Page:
Why exercise is no longer optional for older people
It might surprise you to know that just one in ten Australians aged over 50 does any regular exercise. Why? Most people blame being sick, out-of-shape, tired, busy or just too old for their lack of exercise. However, physical inactivity, especially as you get older, can have enormous negative consequences. Without regular physical activity, people aged over 50 years can expect a range of health problems, including:
• Reduced cardiovascular and respiratory function
• Increased body fat levels
• Reduced coordination, mobility, balance and joint flexibility
• Increased blood pressure
• Increased risk of various diseases
• Reduced bone and muscle strength
Why older people should exercise
Perhaps more than any other age group, older people need sufficient physical activity levels to help them reduce their risk of disease, recover from illness and maintain their independence for as long as possible.
- Help you maintain your independence and your way of life for as long as possible
- Help prevent many diseases and chronic conditions, such as diabetes, cancer, stroke, osteoporosis and heart disease
- Boost memory and help prevent diseases such as dementia or Alzheimer’s
- Improve healing and make recovering from illness or injury easier
- Improve balance, mobility and stability
- Improve quality of life
- Increase life expectancy
- Give you a healthier heart and stronger bones
- Improve your mood and make you feel happier, as well as alleviating symptoms of depression
- Help you think and improve your memory and cognitive function
- Increase your social engagement
- Decrease your risk of falls
It’s clear that exercise is a wonder drug for older people. The benefits of participating in exercise are so great, and the consequences of avoiding exercise are so severe that it’s really not optional any more for people over 50.
Exercise is the best antidepressant – click here to see how it works.
So, what type of exercise is best for older people?
Strength training involves the use of weights or resistance to build muscle and prevent loss of bone mass. It’s great for older people, as increasing strength will help make your day-to-day activities easier and allow you to remain more independent.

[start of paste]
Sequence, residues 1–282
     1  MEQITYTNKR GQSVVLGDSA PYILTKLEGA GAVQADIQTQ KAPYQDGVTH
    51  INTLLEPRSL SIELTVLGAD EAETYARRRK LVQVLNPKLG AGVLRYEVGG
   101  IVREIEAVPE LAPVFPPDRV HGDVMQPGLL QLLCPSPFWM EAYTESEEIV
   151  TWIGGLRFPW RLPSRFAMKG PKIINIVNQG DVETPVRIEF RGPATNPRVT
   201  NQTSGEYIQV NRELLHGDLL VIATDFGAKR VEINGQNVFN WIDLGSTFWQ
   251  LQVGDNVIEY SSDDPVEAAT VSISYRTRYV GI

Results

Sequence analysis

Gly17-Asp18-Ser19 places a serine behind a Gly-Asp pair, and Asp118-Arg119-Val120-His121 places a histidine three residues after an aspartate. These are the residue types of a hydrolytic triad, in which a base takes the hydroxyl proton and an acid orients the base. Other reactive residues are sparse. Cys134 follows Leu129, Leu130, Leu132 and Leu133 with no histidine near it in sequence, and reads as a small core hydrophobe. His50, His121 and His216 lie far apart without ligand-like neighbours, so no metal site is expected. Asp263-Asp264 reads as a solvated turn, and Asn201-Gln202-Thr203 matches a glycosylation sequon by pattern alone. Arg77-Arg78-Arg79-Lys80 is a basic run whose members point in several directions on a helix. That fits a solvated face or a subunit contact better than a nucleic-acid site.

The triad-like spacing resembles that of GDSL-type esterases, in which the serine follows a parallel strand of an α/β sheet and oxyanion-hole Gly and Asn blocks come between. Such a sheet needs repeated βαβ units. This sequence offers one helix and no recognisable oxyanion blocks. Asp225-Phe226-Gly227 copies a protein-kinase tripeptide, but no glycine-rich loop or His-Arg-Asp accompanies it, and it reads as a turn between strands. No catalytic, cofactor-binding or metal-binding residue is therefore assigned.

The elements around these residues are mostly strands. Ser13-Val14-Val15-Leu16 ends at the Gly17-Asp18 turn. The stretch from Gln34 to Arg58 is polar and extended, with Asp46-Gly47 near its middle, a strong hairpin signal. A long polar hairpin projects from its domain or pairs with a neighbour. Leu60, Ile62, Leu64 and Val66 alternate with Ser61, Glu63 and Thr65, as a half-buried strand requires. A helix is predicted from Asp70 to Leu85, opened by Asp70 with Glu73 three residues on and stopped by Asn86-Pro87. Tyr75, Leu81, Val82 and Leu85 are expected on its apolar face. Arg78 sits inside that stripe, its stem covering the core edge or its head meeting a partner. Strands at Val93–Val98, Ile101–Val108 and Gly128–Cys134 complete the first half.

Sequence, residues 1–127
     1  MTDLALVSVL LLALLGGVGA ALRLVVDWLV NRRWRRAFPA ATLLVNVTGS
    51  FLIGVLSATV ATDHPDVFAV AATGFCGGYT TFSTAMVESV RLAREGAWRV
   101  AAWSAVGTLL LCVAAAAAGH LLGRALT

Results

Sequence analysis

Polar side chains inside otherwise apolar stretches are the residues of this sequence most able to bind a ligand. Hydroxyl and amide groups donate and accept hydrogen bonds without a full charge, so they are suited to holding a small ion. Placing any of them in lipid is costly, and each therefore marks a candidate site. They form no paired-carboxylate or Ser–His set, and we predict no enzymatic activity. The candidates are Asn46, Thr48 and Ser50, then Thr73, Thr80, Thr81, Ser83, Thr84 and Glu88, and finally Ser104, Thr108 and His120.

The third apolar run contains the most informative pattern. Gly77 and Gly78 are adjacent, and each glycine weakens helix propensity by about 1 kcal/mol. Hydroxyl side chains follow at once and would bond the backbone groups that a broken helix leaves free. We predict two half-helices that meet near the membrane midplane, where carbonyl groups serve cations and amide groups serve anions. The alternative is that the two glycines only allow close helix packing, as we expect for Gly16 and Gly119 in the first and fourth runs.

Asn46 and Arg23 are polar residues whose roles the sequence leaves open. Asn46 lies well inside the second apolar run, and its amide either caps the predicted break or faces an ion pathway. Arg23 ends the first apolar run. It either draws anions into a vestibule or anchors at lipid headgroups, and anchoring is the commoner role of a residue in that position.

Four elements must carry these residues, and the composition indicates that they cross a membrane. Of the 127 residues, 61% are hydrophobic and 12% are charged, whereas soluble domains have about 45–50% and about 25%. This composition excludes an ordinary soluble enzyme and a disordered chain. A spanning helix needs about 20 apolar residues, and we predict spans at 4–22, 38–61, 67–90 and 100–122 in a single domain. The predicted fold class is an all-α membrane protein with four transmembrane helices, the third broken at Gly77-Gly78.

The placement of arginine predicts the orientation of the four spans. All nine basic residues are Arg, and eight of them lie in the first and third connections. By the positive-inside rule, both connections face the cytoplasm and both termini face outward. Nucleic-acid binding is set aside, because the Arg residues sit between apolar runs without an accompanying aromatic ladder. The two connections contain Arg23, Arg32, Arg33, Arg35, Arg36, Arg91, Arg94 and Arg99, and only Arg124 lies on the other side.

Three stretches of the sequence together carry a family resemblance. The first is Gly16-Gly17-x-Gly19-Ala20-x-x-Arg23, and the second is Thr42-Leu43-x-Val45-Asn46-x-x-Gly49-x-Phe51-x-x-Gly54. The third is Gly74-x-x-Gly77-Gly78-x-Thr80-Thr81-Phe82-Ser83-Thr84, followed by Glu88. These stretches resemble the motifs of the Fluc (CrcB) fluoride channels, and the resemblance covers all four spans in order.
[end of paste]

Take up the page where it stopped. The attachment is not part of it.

Aerobic exercise – or cardio – is the type of exercise that increases your heart rate and often makes you short of breath. Walking, jogging, stair climbing, cycling, swimming, water aerobics, tennis or dancing are all good choices for older people, as they will improve your heart function and endurance.
Balance, flexibility and mobility exercise
This type of exercise is extremely useful as you get older, as it will improve your balance, posture and ease of moving around, as well as reducing your risk of falling. Yoga and Tai Chi are good choices for helping you gain confidence with your balance and mobility, as well as improving your range of motion.
Incidental physical activity
Incidental activity occurs throughout the day when you’re carrying out activities involved with daily living. Activities such as walking from one place to another, housework, gardening etc. can all add up to improve your health outcomes. And because they’re activities you do regularly, you get the benefits from them often.
The upshot? Any type of exercise is excellent for older people. It doesn’t matter what you do – as long as you do something.
How much exercise should older people do?
The Australian Department of Health states that, “Older people should do some form of physical activity, no matter what their age, weight, health problems or abilities. Older people should be active every day in as many ways as possible, doing a range of physical activities that incorporate fitness, strength, balance and flexibility.”
The Department’s guidelines for older Australians (aged 65 years and older) recommend at least 30 minutes of moderate intensity physical activity on most, preferably all, days. You can read the full guidelines here.